Eating Chocolate While Pregnant May Improve Mom and Baby’s Health!

1:45

 Put another check in the win column for a reason to eat chocolate - as though anyone really needs one!

 A new study suggests that moms-to-be that eat a small piece of chocolate every day may improve their baby’s cardiovascular health and reduce the risk for preeclampsia.

 Researchers found that their findings held up regardless of whether the chocolate consumed contained high or low amounts of flavonoids, a group of phytochemicals that have antioxidant abilities. Various studies have also suggested that flavonoids may offer heart health benefits.

 As with most studies, the research did not prove that eating chocolate during pregnancy caused better circulatory health in pregnant women and their babies, only that there was an association.

 "Our observations suggest that a regular small consumption of dark chocolate -- whether or not the level of flavanol is high -- from the first trimester of pregnancy, could lead to an improvement of placental function," said study author Dr. Emmanuel Bujold. He is a professor of obstetrics and gynecology at Universite Laval in Quebec City, Canada.

 Bujold's team decided to see whether differences in flavanol content had any effect on the pregnancies of nearly 130 women.

 All of the women in the study were at the 11- to 14-week mark of their pregnancy, and carrying one child.

 All were instructed to consume 30 grams of chocolate (a little more than one ounce) each day over a 12-week period. That's equivalent to about one small square of chocolate per day, Bujold said.

 Half of the women consumed high-flavanol chocolate, while the other half was given low-flavanol chocolate. All were then tracked until their delivery date.

 Regardless of which type of chocolate was consumed, the women faced the same risk for both preeclampsia and routine high blood pressure. Placental weight and birth weight was also the same in both groups, the investigators found.

 Similarly, fetal and placental blood circulation levels, as well as in-utero blood velocity, did not appear to be affected by shifting flavanol levels.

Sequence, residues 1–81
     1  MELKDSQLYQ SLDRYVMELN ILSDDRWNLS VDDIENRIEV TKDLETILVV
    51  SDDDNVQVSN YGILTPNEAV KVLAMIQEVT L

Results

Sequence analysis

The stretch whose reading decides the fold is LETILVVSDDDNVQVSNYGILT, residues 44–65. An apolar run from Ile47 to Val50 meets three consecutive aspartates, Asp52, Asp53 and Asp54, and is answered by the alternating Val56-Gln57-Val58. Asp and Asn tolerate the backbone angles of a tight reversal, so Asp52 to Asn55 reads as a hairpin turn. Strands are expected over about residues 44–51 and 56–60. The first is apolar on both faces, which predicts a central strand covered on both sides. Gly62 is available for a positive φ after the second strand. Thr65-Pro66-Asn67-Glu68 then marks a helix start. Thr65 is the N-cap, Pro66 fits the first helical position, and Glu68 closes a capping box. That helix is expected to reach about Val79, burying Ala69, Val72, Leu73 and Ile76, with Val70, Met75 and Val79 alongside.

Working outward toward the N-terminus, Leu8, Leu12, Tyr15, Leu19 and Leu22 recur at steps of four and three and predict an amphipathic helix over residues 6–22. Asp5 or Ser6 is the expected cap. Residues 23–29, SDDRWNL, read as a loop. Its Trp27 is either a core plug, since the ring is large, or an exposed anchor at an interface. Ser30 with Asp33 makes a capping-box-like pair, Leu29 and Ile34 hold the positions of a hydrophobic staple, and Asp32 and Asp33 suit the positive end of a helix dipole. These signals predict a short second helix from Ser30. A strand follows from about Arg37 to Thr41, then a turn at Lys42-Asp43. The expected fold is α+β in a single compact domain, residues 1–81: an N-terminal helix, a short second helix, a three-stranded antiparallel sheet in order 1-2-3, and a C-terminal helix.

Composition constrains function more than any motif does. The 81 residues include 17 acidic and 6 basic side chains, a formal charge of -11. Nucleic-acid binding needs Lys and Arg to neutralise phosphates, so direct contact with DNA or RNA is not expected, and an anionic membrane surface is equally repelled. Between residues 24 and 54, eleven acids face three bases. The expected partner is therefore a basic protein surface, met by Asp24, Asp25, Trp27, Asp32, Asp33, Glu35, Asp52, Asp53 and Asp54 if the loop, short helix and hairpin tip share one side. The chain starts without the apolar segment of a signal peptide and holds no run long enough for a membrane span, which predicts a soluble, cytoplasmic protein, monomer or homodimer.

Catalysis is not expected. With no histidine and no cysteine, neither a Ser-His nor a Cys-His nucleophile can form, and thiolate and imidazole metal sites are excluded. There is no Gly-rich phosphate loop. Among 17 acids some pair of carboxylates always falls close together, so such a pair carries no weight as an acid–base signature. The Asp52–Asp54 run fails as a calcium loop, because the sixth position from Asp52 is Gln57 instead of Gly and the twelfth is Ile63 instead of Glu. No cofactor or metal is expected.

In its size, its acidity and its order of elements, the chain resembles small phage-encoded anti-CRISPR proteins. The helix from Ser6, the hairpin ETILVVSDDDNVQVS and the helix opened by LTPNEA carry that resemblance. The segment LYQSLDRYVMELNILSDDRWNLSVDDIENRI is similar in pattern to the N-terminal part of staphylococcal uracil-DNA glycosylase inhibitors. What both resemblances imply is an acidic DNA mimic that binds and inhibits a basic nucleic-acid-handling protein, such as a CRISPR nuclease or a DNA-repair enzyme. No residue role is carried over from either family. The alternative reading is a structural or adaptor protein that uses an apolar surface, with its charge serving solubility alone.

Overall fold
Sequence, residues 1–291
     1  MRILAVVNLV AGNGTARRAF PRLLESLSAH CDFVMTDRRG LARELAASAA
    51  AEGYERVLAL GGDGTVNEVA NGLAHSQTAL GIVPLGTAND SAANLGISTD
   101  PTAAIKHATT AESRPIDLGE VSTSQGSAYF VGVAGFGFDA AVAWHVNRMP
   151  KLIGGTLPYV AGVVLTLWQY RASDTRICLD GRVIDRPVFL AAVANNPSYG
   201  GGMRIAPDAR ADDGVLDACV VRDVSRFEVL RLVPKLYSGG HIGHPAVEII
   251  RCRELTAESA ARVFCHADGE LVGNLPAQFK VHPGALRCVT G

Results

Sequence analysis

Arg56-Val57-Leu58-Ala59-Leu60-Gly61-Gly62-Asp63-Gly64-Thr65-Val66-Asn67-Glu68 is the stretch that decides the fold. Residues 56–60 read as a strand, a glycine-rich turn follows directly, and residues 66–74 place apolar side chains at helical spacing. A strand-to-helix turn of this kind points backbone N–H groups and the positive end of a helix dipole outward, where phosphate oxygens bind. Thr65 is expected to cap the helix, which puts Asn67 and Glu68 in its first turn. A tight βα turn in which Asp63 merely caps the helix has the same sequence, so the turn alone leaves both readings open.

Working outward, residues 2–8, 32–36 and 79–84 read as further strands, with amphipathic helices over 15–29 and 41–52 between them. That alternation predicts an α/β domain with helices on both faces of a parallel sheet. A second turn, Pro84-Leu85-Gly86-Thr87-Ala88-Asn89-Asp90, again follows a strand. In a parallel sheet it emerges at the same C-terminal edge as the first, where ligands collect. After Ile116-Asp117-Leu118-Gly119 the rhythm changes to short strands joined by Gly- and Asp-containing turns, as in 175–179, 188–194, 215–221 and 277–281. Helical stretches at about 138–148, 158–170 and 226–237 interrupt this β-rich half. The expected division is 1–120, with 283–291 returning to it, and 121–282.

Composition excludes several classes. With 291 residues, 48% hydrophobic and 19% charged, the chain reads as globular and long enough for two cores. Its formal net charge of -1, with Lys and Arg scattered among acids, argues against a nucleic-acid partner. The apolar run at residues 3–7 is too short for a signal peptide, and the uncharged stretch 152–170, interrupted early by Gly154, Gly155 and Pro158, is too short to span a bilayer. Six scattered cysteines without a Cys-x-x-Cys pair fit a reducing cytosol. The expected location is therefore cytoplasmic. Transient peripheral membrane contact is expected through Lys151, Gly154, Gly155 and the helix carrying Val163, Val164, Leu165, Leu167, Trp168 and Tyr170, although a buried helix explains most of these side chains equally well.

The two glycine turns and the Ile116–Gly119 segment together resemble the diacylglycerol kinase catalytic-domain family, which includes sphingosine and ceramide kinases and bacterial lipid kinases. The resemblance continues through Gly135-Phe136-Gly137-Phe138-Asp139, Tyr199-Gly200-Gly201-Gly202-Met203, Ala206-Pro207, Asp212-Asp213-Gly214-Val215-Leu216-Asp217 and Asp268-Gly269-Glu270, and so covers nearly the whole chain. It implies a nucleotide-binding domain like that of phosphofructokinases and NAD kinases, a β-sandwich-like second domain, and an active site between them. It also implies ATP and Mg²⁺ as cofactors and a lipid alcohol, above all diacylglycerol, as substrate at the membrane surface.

However, simply consuming a small amount of chocolate -- no matter what the flavanol content -- was associated with notable improvements in all blood circulation and velocity measures compared to the general population, the researchers said.

 Bujold said this suggests that there's something about chocolate, apart from flavanol levels, that may exert a positive influence on the course of pregnancy. Finding out exactly what that is "could lead to improvement of women's and children's health, along with a significant reduction of treatment cost," he said.

 While that’s good news for chocolate lovers, Bujold cautions that pregnant women keep the portion small and calorie intake low.

 So, a bit of chocolate daily while pregnant is not going to hurt you, in fact it just may give you and your baby’s health a little boost.

 The findings were scheduled for presentation at the Society for Maternal-Fetal Medicine's annual meeting, in Atlanta. The data and conclusions should be viewed as preliminary until published in a peer-reviewed journal.

 Source:  Alan Mozes, http://consumer.healthday.com/vitamins-and-nutrition-information-27/food-and-nutrition-news-316/small-square-of-chocolate-each-day-during-pregnancy-may-help-mom-and-baby-707736.html

Your Child

Exercise Boosts Kids’ Grades!

2:00 to read

We all know that exercise is good for the heart, lungs, weight-control and now a new study suggests that it’s good for increasing academic performance as well.

The Dutch researchers reviewed several prior studies conducted in the United States, one from Canada and another out of South Africa. What they discovered was that all the studies showed that the more physically active students are, the better they do in the classroom.

"We found strong evidence of a significant positive relationship between physical activity and academic performance," the researchers, led by Amika Singh of the Vrije Universiteit University Medical Center at the EMGO Institute for Health and Care Research in Amsterdam, the Netherlands, said in a journal news release.